Energy-depleted NYers swarm uptown in search of a phone charge
They were like energy vampires roaming the city in search of the vital, indispensable force to keep them in the world.
Hordes of New Yorkers left without wi-fi or cell phone service took to the streets during and after Hurricane Sandy, searching for outlets to charge their phones and working wifi connections.
Sophie Gilden, a French teacher, trekked from her dead-zone SoHo home all the way to the West 50s to "sneak on" to the wi-fi in a mobbed midtown hotel lobby that looked like a laptop and cellphone expo. “But you can’t get on,” Gilden said. “It keeps saying ‘dismissed.’ Too many people are using it.”
“Zillions,” of tech refugees who lacked not just electricity, but cell phone service, tromped uptown from zapped downtown, seeking digital connection, Gilden noted. Her husband, photographer Bruce Gilden, stood watch over his cell phone, which he had surreptitiously plugged into a nearby wall, guarding it as a nurse might an urgently needed IV line flowing into a critical patient even though “my cell phone doesn’t work in my house.” Many people living below 30th St. reported little or no cell service in addition other vexations, such as a lack of power and water.
Clusters of users collected outside “hot spots” such as Starbucks and McDonald's, frantically trying to call, text or email. NPR reported that the main post office was full of people who had plugged their personal electronic devices into a nearby wall. Power-hungry storm refugees unplugged decorative lighting strips on wind-stripped trees in mid town and plugged in power strips to share the information-bestowing juice with others who felt dead without digital connections.
The mad search for electricity and connectivity evoked the new hit NBC TV show, “Revolution,” which depicts a post-blackout world in which all the power goes out, rearranging hierarchies of the survivors who go to sometimes extreme measures to obtain it.
Jose Rosado, 40, a voice and data technician who lives in the West Village, was crouched Wednesday morning outside a pizza place on the corner of 36th and Broadway, a jumble of wires spilling from his man-bag that led, ultimately to an Apple device plugged into an outer wall’s outlet. “I’m charging my mom’s phone, my phone and my laptop,” he said, acknowledging he looked a bit like the homeless men who jerry rig electrical hook ups from street lights.
“Pizza places are really good places for hookups because they usually have an outdoor outlet for an ice truck,” selling treats in the summer, Rosado explained. The day before, he noted, “this one was blocked: One guy was using it and another one was waiting for it, so I had to go to another place on 33rd and Seventh.”
Rosado was anxious to see if his superiors were trying to reach him (“I get my work orders by email,”) but after he got charged up on Tuesday, saw none had come in. It took him a second to realize why. “My boss is on 13th Street: He had no power either,” and was unable to either receive or pass on job assignments.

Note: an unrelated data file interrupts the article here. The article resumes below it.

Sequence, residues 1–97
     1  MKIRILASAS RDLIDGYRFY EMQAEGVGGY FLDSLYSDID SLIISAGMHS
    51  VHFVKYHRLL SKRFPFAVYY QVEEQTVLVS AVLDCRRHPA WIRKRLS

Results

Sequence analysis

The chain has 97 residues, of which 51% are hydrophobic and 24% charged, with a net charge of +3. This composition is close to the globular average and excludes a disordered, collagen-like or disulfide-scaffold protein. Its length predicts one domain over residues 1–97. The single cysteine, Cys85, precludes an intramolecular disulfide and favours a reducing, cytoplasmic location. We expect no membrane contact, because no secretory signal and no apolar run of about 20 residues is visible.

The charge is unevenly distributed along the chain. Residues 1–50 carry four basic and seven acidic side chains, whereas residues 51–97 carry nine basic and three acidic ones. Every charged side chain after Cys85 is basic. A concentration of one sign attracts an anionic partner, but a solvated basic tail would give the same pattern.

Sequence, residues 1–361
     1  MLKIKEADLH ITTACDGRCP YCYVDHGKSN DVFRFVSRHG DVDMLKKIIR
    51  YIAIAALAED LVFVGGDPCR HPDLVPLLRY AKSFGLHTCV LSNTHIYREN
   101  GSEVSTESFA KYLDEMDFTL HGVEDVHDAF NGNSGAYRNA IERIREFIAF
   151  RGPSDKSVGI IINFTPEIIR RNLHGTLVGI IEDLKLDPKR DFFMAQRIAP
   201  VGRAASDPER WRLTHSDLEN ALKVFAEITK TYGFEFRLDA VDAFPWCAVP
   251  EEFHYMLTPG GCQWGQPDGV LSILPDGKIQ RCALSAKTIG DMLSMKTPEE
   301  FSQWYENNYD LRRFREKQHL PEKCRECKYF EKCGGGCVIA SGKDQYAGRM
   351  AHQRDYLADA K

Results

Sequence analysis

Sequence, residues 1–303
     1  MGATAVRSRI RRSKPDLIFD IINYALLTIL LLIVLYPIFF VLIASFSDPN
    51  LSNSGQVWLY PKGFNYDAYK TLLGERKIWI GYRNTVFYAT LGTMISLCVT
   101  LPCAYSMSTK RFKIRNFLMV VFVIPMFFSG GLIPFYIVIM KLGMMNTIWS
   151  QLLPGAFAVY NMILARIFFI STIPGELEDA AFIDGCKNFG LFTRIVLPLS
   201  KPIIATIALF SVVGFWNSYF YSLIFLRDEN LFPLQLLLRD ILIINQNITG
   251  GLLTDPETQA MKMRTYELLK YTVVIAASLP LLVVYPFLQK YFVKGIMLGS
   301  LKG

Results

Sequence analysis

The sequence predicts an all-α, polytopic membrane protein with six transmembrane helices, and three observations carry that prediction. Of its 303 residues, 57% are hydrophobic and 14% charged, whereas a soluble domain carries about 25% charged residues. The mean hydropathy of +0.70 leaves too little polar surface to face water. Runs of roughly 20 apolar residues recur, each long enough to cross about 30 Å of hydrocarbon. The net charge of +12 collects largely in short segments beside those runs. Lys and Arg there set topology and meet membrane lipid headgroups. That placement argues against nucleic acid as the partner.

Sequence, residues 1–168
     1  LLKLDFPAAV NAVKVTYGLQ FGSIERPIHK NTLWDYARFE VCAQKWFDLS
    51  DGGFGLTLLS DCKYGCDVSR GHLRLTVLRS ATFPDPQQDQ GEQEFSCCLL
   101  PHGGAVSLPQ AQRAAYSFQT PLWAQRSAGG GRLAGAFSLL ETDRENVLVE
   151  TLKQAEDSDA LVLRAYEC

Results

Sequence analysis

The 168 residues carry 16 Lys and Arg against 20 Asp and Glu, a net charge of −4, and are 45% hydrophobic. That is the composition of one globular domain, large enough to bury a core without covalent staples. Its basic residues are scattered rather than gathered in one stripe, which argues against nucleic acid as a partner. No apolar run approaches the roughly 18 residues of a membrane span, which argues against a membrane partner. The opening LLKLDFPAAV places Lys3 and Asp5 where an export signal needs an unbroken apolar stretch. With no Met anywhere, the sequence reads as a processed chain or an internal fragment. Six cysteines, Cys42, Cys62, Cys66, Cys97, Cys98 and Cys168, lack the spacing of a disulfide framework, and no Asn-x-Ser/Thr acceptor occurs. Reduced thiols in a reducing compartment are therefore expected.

Establishments differed in the mercy they showed to the juice-less, as a lifeboat situation was in effect with many wifi networks. (Too many people jumping on slowed or even destroyed the system for others.) A bell captain at a Hell’s Kitchen hotel confessed he “cheated the system,” on behalf of those in need, allowing them to charge their phones in the lobby, and giving them the hotel wifi password to help victims of the storm. “Everyone needs to help each other out as much as we can,” he said. Still, he questioned the urgency some had to log on.
“Why do you need to put pictures of your storm damage on Facebook? Take those pictures and send them to your insurance company!” he said. It seemed to him that some people were more eager to get on their “bragging platforms,” such as Facebook and Twitter than to ascertain the safety of loved ones and figure out how to get back to work.
The drive to connect was understandable, given that disasters naturally compel people to reach out not only for tangible help, but reassurance and comfort from those they love. Deprived of electricity, transportation and water, many felt like hostages, unable to access information as to how long their troubling conditions would last or any of the coping mechanisms they used to fight stress. Deprived of information, entertainment and exercise (gyms were closed) they were left alone with their impotent phones and festering anxieties.
“The people who have embraced (technology) find they have an almost physical reaction when they can’t get on to the grid,” noted Robert Thompson, professor of popular culture at Syracuse University. “It is such an intimate part of their existence that accompanies them on all their waking hours,” he noted. “The Internet and electricity – you take these out of the equation and the foundation of our American lifestyle is pulled out from under us,” he added.
The stress is magnified by uncertain, and, for some, dire, economic conditions. “A lot of people are holding on to their jobs by a thread,” and the Internet is the infrastructure upon which they do their work, continued Thompson. Take that away and the situation is “enormously stressful.”
The attachment disorders prompted some to contemplate afresh the joys of real face time and life off the digital grid. Rosado’s parents had flown in from Puerto Rico right before the storm and were staying with him when the power went out. “We were all in the living room reading books by candlelight. I had a small generator I used for my car. We were joking and laughing. I played poker with my super and a couple of neighbors by flashlight. Poker by flashlight! Human companionship,” Rosado said dreamily, “is so much better than sitting on your laptop.”